Cells were perfused for 20 minutes in 37°C control 1T solution to obtain baseline measurements. Cells were then perfused for 20 minutes with 37°C test solution (n=8 myocytes per group, up to 2 myocytes per each rabbit) followed by a 20-minute reexposure period to 37°C control 1T solution. Test solutions included control 1T solution, severe hyperosmotic Tyrode’s (2.6T), 2.6T solution containing 100 μmol/L diazoxide (DZX, Sigma), a KATP channel opener, severe hyposmotic Tyrode’s (0.6T) solution, 0.6T solution containing 100 μmol/L diazoxide, mild hyposmotic Tyrode’s (0.9T) solution, and 0.9T solution containing 100 μmol/L diazoxide. The 1T solution was made by substituting 130 mmol/L D-mannitol for 65 mmol/L NaCl in normal Tyrode’s solution. The 2.6T, 0.6T, and 0.9T solutions were made by substituting 610 mmol/L D-mannitol, no mannitol, and 97.5 mmol/L D-mannitol, respectively, for 65 mmol/L NaCl. The 2.6T and 0.6T solutions were used, as these have been documented to result in severe osmotic stress.12 The 0.9T solution was evaluated because this degree of hyposmotic stress was extrapolated to result in cellular volume change similar to that observed after hyperkalemic cardioplegia in previous experiments (6% to 7% volume change).3 Solution osmolarity was measured with a freezing point depression osmometer (Osmette S, Precision Systems). A stock solution of diazoxide was made by dissolving the reagent in dimethyl sulfoxide (DMSO, 0.1%), which has been shown to have no effect on cell volume.12 Baseline volume measurements were recorded at 10, 15, and 20 minutes and averaged. Volume measurements were recorded every 5 minutes during the test solution and reexposure periods. Baseline contractility was recorded after 15 minutes of control perfusion. Contractility measurements were recorded at 10 and 20 minutes after reexposure to 1T solution and averaged. All parameters were represented as a percentage of baseline.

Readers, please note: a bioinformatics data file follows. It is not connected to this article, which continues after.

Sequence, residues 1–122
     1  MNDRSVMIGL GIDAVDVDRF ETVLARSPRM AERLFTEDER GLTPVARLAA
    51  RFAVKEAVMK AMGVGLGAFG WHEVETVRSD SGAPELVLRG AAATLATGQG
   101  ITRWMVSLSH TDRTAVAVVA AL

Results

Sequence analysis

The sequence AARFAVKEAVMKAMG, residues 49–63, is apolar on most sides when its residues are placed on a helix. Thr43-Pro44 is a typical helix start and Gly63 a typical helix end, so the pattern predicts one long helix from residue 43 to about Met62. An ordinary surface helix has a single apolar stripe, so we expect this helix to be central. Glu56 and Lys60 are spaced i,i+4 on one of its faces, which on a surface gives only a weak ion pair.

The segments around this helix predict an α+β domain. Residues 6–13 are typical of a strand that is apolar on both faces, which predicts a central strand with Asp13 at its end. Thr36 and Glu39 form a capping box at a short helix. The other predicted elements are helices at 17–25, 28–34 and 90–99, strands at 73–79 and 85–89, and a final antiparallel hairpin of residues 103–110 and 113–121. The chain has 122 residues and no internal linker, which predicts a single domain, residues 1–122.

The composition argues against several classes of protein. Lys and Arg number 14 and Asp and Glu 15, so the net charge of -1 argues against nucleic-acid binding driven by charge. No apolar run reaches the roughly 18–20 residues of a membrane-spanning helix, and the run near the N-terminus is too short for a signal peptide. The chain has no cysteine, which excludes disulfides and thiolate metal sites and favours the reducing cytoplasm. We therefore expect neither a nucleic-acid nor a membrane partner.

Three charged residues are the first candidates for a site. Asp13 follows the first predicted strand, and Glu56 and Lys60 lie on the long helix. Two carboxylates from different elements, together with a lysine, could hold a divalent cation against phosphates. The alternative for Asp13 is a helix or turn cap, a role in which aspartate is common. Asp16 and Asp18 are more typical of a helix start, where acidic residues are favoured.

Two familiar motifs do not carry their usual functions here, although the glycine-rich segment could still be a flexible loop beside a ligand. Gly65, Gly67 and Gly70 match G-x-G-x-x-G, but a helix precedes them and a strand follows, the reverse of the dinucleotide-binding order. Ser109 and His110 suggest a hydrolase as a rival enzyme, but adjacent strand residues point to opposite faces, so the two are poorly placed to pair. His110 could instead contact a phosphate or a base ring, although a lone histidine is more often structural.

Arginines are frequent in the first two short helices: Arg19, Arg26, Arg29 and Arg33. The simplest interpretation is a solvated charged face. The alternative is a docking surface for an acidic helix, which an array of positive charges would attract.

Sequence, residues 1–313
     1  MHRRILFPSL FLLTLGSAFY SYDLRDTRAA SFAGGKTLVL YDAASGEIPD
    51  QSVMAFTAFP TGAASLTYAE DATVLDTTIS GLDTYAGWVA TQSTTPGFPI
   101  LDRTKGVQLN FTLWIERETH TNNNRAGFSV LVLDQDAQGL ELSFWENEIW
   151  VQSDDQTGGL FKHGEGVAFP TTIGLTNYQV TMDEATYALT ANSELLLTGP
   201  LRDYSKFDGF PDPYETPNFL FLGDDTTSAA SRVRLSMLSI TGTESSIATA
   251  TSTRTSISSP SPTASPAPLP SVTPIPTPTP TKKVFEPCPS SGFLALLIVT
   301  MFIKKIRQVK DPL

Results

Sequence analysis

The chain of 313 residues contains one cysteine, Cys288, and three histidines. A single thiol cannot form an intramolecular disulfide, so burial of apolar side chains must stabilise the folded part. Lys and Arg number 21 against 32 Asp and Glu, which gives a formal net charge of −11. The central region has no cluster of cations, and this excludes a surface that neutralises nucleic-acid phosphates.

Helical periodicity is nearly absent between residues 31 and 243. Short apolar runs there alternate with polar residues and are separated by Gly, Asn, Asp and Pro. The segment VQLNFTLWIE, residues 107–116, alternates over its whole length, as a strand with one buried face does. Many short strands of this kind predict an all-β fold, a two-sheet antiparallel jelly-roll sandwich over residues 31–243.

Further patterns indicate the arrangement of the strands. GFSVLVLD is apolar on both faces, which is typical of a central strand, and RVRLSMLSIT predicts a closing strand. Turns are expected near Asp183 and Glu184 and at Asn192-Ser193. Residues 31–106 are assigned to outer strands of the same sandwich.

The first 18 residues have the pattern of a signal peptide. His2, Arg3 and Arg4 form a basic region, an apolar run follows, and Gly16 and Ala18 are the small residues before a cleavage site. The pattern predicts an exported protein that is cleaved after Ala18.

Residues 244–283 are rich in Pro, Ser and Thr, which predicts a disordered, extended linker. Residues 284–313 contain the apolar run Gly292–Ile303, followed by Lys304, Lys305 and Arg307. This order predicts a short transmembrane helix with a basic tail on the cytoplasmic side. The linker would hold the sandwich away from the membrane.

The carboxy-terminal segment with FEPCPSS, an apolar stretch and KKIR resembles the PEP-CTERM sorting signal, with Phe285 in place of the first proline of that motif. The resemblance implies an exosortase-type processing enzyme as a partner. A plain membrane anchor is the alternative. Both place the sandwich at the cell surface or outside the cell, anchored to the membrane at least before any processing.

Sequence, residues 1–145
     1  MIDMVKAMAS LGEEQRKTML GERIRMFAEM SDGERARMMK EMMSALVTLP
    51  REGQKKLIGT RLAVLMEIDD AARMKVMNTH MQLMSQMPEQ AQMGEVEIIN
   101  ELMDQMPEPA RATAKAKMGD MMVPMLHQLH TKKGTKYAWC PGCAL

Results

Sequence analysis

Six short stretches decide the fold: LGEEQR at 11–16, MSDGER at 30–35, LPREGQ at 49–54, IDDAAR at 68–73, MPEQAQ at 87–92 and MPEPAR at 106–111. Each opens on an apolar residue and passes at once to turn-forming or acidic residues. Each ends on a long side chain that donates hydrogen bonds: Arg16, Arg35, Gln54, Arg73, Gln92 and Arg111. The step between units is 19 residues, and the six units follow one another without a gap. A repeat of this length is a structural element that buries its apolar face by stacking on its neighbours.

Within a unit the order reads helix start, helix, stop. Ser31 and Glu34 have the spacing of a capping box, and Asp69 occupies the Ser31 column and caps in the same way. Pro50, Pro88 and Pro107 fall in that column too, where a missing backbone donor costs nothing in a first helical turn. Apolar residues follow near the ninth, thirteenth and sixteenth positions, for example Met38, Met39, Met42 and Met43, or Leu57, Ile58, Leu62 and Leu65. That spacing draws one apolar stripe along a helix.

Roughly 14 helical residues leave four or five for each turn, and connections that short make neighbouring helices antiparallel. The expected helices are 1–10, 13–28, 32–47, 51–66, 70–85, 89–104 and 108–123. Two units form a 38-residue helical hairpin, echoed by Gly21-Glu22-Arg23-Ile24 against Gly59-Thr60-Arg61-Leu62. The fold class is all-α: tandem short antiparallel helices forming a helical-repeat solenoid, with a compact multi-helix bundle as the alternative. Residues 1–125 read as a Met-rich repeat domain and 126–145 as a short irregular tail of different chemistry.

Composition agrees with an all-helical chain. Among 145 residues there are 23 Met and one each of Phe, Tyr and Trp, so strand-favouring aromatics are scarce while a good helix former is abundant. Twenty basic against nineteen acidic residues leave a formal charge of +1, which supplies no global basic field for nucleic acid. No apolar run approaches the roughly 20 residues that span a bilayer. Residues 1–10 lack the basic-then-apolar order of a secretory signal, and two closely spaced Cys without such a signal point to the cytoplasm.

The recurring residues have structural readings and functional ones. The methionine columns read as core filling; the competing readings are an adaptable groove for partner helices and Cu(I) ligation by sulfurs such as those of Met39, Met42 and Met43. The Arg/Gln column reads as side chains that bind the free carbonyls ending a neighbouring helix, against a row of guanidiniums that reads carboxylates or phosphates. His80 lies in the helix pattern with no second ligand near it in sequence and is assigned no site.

Results are expressed as mean±standard error of the mean with N equal to the number of cells in each group. A repeated-measures analysis of variance was used for sequential time-based measurements for each test solution against its own baseline (volume) value. Using Fisher’s least significant difference test, post hoc multiple comparisons between different solutions were made separately during test solution and reperfusion periods. Contractility studies were analyzed by analysis of variance using Fisher’s post hoc test. Statistical significance was defined as P<0.05. Statistical analysis was performed using Stat View 5.0 (Abacus Concepts, Inc).